Mercy, what a week! Days of pain, fear, and worry that came from much trauma and drama in the lives of our family, friends and the country. Yesterday the sun shined and spring put her toe out once more while the forecast called for rain and cold including frost yet again with the new week. We were tired both physically and mentally tired yesterday morning, arising late. We could let the day slip by or push forward to try and grab some joy. It was a late start in more ways than one, but we headed west dreaming of Santa Fe but knowing we could not make it in the half dozen hours we had.
Shortly beyond Joplin the land leveled into the longer stretches of flat land reaching for distant Oklahoma hills. The fields were velvet green while rivers and rivulets raced forward from recent rains. DH observed the cattle seemed satisfied. They too appreciated the nice day. We headed for the Gilcrease Museum and drove right into town with complete ease which was helpful in our low energy state. We had visited here over a quarter of a century ago with kids…enough said. I always wanted to return. While we did make it to the Philbrook last year, it took a while to make it to the Gilcrease again. It definitely was worth the push to get there.
The Gilcrease grounds were beautiful. Passing through grand gates, we wove among just budding dogwood, redbuds, and azaleas trying to bloom. Once inside, we did not begin to absorb all we saw. Once the mind sees so much color and content, it reaches a saturation point. Starting with tired minds did not help us, but again, we pushed on. Photos were not allowed here which saddened me. The pictures of Remington, Charlie Russell, and other famous western artists were wonderful. We met the work of new artists too. The wood carving of Willard Stone was absolutely amazing. and the museum had a good deal of his work since he was Oklahoman. The works in cherry and walnut ached to be touched, but I did not dare. The wood seemed to speak under the influence of Stone’s hands. He not only found shape and design, but he slicked the wood as satin smooth as a river stone.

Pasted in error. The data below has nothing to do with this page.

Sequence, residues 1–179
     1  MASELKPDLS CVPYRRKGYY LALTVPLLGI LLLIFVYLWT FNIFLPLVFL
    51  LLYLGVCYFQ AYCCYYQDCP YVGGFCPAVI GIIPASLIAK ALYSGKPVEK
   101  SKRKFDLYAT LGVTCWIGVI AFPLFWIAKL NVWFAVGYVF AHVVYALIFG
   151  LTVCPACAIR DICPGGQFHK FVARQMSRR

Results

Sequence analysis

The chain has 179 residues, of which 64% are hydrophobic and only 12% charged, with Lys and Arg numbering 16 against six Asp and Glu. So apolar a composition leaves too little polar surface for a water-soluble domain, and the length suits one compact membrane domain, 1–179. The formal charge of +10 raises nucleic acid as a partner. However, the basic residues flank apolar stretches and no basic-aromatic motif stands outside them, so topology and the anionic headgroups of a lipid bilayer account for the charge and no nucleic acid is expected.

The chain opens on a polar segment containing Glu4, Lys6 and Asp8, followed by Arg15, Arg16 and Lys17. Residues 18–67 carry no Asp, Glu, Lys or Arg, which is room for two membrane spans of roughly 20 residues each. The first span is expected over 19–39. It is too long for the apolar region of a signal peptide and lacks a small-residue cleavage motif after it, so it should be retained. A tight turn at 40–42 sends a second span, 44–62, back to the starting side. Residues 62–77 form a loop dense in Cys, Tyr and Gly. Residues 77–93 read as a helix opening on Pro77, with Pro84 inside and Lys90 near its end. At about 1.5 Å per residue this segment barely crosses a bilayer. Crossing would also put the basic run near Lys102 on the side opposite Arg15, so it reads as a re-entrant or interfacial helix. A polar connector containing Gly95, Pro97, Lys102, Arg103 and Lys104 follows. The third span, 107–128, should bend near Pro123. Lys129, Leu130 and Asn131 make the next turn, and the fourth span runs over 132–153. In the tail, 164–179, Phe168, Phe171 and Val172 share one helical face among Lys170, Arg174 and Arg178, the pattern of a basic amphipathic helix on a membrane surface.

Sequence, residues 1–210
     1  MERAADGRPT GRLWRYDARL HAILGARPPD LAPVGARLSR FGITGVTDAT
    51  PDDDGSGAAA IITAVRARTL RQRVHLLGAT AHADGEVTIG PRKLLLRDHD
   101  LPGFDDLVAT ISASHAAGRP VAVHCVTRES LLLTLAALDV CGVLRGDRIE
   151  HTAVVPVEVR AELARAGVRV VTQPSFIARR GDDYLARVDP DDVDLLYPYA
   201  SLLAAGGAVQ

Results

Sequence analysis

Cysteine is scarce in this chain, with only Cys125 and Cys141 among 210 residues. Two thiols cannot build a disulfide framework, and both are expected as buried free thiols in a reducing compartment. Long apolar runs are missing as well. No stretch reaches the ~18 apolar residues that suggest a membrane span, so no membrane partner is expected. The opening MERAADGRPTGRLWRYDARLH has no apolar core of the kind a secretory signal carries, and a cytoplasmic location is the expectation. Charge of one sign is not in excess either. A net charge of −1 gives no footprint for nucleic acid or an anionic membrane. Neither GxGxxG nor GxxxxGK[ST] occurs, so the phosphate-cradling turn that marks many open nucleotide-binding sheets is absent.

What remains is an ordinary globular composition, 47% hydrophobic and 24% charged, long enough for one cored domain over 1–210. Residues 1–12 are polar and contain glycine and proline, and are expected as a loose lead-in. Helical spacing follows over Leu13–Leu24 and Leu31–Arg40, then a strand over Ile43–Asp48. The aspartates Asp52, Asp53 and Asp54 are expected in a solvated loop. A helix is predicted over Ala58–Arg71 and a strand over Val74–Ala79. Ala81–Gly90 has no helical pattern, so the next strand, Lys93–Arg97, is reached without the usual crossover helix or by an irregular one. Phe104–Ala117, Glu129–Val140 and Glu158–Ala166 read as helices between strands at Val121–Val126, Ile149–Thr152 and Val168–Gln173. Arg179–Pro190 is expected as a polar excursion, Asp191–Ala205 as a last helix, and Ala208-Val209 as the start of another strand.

There was a special exhibit of Woody Crumbo’s work called Bending, Weaving, and Dancing. Also an Oklahoma artist, Crumbo supported himself as an artist by doing traditional dancing. Some of his work was in Kiowa Flat style, other work had more depth. It all reflected movement. In a little work room aside, a Fancy Dancer costume was set up in front of tables obviously used as a model for painters. Beautiful.
The museum was busy due to a special artists day. The restaurant was serving only an expensive brunch for the day. I was sorry to miss the buffalo burger with fried green tomato and breakfast food is not my favorite meal anyway. However, we were so hungry it was better than fighting traffic to find a place to eat. So we sat in the beautiful dining area that overlooked the beautiful Osage Hills, which would be nicer later in spring for sure.
We wore out long before we wanted to, but DH said we would return someday. Ha, I don’t have another quarter of a century left! But both were glad to see all that we did. DH remarked on the color in the paintings. I liked that there were also many colorful headdresses…such lovely feathers and beading. Some were more than 120 years old…one can only imagine the men who wore the war bonnets. I loved seeing the many moccasins…the deerskin dresses and shirts, some trimmed with horse and human hair. It was all fodder to mull over in the brain once we returned to our ordinary life.
The day had been well worth the push.